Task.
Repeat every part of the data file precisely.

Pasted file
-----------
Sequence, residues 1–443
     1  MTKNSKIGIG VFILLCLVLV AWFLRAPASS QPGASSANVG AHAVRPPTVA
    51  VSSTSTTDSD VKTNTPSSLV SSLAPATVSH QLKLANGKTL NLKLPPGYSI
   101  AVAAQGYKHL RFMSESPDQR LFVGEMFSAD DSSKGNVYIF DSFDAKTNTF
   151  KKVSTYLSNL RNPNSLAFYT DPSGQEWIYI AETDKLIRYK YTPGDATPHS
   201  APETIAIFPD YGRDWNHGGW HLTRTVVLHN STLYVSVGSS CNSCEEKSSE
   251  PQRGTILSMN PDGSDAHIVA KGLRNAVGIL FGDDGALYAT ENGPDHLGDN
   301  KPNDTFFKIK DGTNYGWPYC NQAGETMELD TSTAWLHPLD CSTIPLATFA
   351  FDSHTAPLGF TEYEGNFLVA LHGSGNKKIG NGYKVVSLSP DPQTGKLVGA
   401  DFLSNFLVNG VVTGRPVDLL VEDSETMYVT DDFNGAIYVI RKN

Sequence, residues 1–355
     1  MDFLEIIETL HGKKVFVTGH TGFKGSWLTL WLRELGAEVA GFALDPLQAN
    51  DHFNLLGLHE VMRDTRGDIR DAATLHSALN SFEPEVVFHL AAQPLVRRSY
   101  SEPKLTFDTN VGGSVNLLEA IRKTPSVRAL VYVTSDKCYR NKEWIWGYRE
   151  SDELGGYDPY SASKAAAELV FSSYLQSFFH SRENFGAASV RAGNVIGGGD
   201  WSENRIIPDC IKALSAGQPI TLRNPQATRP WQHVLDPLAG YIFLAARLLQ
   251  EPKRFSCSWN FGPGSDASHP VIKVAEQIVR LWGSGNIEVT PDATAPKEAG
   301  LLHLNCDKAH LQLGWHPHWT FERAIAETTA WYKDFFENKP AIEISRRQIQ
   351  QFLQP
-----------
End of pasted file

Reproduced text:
Sequence, residues 1–443
     1  MTKNSKIGIG VFILLCLVLV AWFLRAPASS QPGASSANVG AHAVRPPTVA
    51  VSSTSTTDSD VKTNTPSSLV SSLAPATVSH QLKLANGKTL NLKLPPGYSI
   101  AVAAQGYKHL RFMSESPDQR LFVGEMFSAD DSSKGNVYIF DSFDAKTNTF
   151  KKVSTYLSNL RNPNSLAFYT DPSGQEWIYI AETDKLIRYK YTPGDATPHS
   201  APETIAIFPD YGRDWNHGGW HLTRTVVLHN STLYVSVGSS CNSCEEKSSE
   251  PQRGTILSMN PDGSDAHIVA KGLRNAVGIL FGDDGALYAT ENGPDHLGDN
   301  KPNDTFFKIK DGTNYGWPYC NQAGETMELD TSTAWLHPLD CSTIPLATFA
   351  FDSHTAPLGF TEYEGNFLVA LHGSGNKKIG NGYKVVSLSP DPQTGKLVGA
   401  DFLSNFLVNG VVTGRPVDLL VEDSETMYVT DDFNGAIYVI RKN

Sequence, residues 1–355
     1  MDFLEIIETL HGKKVFVTGH TGFKGSWLTL WLRELGAEVA GFALDPLQAN
    51  DHFNLLGLHE VMRDTRGDIR DAATLHSALN SFEPEVVFHL AAQPLVRRSY
   101  SEPKLTFDTN VGGSVNLLEA IRKTPSVRAL VYVTSDKCYR NKEWIWGYRE
   151  SDELGGYDPY SASKAAAELV FSSYLQSFFH SRENFGAASV RAGNVIGGGD
   201  WSENRIIPDC IKALSAGQPI TLRNPQATRP WQHVLDPLAG YIFLAARLLQ
   251  EPKRFSCSWN FGPGSDASHP VIKVAEQIVR LWGSGNIEVT PDATAPKEAG
   301  LLHLNCDKAH LQLGWHPHWT FERAIAETTA WYKDFFENKP AIEISRRQIQ
   351  QFLQP